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Using Azure DevOps to Create Robust Product Roadmaps

Software Craftsmanship

This article explores the learnings we gathered from using Azure DevOps to create robust product roadmaps.

A Product Roadmap is a Living, Breathing Document

Creating a product roadmap is an integral part of the product development process. It addresses the critical problems in progress that contribute to the larger business vision and goals.

A product roadmap is a generic document that changes as the product evolves, or the market changes. As it is a written or visual summary of the objectives for a product, it typically includes

  • A product plan
  • Dependencies
  • A list of features and epics

The complexity of the product roadmap varies depending on the target audience. Incorporating regular and continuous feedback from end users is a must when refining a product roadmap. Hence it is a living, breathing document constantly evolving based on user feedback and the changing business scenario.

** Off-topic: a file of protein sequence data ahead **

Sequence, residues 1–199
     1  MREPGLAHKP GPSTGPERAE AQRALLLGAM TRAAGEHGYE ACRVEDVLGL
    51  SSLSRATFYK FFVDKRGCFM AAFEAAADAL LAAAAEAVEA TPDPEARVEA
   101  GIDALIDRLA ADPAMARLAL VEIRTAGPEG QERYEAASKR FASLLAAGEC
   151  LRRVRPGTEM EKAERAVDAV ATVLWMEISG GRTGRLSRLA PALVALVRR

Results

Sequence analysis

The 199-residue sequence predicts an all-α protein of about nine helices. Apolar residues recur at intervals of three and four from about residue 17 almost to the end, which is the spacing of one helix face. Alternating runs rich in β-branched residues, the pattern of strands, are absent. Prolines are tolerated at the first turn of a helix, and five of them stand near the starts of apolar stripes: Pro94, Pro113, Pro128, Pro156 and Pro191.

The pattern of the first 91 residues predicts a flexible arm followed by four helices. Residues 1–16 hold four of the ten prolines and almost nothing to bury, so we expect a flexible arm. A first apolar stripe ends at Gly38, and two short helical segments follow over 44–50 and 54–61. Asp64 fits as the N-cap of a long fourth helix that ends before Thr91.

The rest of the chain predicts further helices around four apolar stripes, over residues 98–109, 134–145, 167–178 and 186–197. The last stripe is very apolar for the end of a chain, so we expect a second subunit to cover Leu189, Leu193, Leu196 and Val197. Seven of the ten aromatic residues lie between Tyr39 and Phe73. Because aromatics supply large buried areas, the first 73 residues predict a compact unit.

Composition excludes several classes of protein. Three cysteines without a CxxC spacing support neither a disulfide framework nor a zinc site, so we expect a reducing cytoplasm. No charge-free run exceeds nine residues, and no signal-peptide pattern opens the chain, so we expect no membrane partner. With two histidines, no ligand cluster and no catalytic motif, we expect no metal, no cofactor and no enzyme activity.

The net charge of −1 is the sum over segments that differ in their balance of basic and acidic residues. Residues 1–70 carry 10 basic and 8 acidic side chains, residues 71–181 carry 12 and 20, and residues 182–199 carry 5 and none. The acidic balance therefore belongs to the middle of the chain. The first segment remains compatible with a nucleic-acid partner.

A Product Roadmap Helps Align Stakeholders on a Business Goal

As mentioned, a product roadmap is a tool that requires regular review from all the stakeholders involved. Every feature on the product roadmap is always associated with the defined business goal. Hence it becomes an iterative process.

The objectives of a product roadmap include the following —

  • Bringing stakeholders and team members to an agreement on the direction and priorities of a product
  • Communicating and tracking progress toward achieving them
  • Helping the product team stay focused on the right goals
  • Ensuring stakeholders are aware of the rationale behind decisions

A Product Roadmap is an Outcome of Agile Ceremonies

The product roadmap is constantly evolving based on Agile ceremonies. These could be backlog refinement sessions, demos, and more.

Iterations include

  • Moving stories based on the changes in priorities
  • Adding new stories to the backlog